Once you pass away however, the listed beneficiaries on your Will do have certain rights regarding your estate. Beneficiaries rights include:

  • The right to be informed about their entitlements

  • The right to claim their share of the estate

  • The right to challenge the distribution if they believe it is unfair

These are there to ensure the deceased estate is distributed fairly and transparently- ensuring that your own life's work is protected, and your wishes carried through. Having discussions with your beneficiaries and wider family ahead of time can help avoid future disputes, if any surprises crop up.

Who Can Be a Beneficiary?

Beneficiaries can be anyone you choose, as long as they are legally eligible. Commonly, this includes spouses, children, grandchildren, siblings, and other close relatives. However it’s completely up to you on whether you also name friends, charities, or even institutions as beneficiaries.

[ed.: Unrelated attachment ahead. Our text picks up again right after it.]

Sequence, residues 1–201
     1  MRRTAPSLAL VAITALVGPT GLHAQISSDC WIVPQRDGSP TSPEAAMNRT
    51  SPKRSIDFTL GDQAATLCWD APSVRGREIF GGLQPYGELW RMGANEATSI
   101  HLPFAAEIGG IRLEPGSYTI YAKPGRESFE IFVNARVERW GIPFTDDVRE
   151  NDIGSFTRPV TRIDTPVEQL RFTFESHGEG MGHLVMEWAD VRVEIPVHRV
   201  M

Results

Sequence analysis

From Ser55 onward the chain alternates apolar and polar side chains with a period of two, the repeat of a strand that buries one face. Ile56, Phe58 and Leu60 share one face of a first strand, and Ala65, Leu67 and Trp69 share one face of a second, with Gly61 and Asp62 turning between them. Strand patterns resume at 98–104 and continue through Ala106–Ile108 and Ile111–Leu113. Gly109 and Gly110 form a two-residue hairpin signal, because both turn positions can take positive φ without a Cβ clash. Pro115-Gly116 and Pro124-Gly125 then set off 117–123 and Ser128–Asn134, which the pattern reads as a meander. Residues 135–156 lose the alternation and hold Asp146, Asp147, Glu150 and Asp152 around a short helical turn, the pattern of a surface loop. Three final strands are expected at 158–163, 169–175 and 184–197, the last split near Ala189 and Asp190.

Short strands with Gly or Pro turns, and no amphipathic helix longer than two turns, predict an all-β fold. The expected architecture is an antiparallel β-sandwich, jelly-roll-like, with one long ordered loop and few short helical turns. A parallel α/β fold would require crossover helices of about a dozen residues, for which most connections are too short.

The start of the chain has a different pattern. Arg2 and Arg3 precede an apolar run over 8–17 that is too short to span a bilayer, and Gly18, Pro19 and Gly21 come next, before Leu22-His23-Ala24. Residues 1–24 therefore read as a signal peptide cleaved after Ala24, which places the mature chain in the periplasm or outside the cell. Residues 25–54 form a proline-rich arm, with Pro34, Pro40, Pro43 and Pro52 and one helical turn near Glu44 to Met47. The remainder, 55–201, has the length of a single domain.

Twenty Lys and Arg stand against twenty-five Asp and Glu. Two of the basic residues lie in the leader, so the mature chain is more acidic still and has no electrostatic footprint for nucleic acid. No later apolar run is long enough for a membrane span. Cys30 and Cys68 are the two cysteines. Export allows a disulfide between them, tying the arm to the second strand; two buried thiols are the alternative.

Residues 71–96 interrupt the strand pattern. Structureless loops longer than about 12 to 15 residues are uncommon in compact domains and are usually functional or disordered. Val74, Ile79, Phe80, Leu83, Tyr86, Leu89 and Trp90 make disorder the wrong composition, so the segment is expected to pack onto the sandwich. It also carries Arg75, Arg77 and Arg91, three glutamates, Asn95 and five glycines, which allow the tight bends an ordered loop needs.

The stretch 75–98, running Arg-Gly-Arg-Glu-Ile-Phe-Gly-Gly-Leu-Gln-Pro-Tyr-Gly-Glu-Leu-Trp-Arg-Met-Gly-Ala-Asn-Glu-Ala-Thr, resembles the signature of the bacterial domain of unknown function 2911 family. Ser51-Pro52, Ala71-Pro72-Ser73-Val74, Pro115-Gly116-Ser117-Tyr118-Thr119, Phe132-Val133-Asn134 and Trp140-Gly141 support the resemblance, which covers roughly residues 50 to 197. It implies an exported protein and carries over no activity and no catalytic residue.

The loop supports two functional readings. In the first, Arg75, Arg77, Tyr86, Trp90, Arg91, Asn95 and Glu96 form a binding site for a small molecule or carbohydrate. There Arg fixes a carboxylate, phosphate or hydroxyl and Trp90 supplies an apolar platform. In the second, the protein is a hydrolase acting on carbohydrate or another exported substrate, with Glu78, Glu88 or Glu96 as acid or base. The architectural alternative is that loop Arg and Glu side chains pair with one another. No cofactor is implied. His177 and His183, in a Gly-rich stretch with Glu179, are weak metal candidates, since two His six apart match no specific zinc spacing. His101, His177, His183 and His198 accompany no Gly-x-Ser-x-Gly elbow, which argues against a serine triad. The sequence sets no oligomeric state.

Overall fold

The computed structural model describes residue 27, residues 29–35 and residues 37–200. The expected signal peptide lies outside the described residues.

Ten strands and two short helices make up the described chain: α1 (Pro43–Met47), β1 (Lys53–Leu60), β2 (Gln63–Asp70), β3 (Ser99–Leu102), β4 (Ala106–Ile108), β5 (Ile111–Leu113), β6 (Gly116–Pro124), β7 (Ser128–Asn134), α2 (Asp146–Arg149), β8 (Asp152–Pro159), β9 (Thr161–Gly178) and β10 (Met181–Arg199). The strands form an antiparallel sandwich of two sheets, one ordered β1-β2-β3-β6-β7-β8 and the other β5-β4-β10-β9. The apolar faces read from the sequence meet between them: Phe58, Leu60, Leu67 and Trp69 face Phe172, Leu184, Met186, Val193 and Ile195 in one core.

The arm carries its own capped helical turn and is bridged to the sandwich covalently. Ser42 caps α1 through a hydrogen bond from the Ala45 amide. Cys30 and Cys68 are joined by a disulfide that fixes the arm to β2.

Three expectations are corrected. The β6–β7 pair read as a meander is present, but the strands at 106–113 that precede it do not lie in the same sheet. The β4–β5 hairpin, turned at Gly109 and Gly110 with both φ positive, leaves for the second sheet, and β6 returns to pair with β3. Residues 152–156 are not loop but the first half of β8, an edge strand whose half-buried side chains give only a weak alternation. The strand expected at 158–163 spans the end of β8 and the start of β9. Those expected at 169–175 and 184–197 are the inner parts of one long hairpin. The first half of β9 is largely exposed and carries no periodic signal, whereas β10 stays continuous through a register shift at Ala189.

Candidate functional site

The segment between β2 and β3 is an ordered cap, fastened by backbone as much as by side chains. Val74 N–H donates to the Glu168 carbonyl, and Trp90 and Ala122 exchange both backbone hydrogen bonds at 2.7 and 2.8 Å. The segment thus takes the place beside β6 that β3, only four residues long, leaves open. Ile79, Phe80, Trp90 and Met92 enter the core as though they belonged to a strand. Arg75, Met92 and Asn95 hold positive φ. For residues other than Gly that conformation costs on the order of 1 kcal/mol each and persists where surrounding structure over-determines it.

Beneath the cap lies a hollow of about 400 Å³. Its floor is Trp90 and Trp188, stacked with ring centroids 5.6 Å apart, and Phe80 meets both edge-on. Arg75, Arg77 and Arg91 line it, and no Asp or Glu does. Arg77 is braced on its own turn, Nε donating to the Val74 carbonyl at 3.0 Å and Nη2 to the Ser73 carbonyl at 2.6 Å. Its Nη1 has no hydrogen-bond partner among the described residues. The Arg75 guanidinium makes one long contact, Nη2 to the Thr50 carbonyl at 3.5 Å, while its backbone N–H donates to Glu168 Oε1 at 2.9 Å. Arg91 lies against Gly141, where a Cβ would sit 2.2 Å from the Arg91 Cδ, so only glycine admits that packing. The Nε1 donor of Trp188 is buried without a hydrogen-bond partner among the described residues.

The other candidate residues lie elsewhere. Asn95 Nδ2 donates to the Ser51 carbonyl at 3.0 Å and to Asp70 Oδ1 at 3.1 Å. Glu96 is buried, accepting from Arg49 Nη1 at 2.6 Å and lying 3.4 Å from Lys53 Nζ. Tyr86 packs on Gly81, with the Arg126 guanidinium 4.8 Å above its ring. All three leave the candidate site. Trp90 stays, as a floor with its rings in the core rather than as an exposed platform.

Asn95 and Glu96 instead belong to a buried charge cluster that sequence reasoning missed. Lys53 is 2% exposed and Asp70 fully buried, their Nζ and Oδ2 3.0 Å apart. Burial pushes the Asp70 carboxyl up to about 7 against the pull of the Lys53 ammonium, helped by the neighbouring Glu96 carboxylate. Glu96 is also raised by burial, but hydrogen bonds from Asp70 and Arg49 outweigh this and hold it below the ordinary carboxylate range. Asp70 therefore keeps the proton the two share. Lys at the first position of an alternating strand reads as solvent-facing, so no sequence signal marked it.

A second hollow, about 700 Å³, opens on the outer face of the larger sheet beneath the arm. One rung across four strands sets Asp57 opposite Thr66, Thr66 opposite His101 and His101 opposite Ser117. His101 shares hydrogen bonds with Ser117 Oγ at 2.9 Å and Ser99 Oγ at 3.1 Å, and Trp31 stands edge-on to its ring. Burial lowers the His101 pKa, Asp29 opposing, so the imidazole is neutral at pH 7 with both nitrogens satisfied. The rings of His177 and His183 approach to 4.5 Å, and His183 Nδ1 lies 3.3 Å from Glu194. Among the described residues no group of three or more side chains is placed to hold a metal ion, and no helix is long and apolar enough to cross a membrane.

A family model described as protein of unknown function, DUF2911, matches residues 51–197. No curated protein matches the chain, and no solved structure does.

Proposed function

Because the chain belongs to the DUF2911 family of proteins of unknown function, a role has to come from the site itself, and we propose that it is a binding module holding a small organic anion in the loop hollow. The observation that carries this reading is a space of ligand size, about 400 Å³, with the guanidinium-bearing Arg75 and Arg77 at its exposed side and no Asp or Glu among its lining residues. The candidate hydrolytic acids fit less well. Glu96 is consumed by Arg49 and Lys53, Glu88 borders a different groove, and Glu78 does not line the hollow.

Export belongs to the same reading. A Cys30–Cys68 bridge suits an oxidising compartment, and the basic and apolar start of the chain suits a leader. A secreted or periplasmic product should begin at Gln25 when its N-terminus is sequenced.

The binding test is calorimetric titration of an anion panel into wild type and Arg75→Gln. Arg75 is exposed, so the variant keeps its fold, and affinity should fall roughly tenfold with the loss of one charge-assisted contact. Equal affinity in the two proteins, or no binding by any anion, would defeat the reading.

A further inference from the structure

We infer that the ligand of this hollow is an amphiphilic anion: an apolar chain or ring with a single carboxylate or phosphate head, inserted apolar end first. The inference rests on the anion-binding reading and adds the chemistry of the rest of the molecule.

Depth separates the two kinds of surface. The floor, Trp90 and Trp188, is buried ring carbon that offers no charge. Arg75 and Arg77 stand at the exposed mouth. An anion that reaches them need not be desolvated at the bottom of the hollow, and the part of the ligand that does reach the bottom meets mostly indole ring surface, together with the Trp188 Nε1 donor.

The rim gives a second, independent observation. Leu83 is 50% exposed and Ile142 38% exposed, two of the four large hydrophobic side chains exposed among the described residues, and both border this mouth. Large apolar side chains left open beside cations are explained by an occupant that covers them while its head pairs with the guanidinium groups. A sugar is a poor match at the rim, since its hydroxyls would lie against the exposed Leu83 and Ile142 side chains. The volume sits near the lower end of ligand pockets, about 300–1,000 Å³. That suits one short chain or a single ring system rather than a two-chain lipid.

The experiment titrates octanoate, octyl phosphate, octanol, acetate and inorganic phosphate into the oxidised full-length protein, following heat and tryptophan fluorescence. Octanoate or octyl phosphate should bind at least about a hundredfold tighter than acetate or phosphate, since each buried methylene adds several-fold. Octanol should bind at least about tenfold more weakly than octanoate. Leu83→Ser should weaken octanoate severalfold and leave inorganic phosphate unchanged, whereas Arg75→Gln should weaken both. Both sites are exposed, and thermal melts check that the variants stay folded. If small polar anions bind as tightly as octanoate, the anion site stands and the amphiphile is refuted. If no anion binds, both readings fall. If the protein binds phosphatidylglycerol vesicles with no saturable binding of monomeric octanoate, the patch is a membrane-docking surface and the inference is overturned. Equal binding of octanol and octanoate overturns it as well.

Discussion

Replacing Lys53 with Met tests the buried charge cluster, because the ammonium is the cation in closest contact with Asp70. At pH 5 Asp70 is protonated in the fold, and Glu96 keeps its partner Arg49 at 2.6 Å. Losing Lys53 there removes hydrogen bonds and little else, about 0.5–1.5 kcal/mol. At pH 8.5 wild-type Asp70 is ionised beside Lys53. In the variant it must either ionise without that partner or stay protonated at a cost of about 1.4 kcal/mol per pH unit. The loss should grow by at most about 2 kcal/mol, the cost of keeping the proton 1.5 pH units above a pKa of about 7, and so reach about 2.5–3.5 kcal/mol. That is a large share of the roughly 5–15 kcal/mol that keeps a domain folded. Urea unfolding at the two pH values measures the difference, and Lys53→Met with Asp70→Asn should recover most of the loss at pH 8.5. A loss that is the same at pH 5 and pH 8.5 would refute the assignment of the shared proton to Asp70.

Anyone you want your estate to support after you're gone is a worthwhile beneficiary. With this in mind, it can be worth seeking legal advice for any non-traditional beneficiaries- ensuring that your’e wishes are validly documented and legally enforceable.

Can You Change Beneficiaries?

Life happens, relationships change and (the best) Wills update with it. Changing your beneficiaries in life with life changes is an important step to keeping your wishes aligned with the document ultimately acted upon.

Whether changing your beneficiaries reflects the birth of a child, a divorce or a new partner- it’s important you make regular updates on who is entitled to shares of your estate. Similarly, if you experience any changes in financial circumstances- such as the purchase of a property- then it’s also recommended to reflect this in your Will.